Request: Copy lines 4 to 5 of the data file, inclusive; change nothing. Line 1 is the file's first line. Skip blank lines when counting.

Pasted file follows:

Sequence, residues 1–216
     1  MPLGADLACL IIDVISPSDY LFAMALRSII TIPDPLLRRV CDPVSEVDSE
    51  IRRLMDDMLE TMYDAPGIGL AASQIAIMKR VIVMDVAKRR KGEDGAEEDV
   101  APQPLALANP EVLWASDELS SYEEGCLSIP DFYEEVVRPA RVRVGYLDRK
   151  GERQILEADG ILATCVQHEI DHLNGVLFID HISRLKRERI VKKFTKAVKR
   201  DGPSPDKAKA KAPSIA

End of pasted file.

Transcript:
   101  APQPLALANP EVLWASDELS SYEEGCLSIP DFYEEVVRPA RVRVGYLDRK
   151  GERQILEADG ILATCVQHEI DHLNGVLFID HISRLKRERI VKKFTKAVKR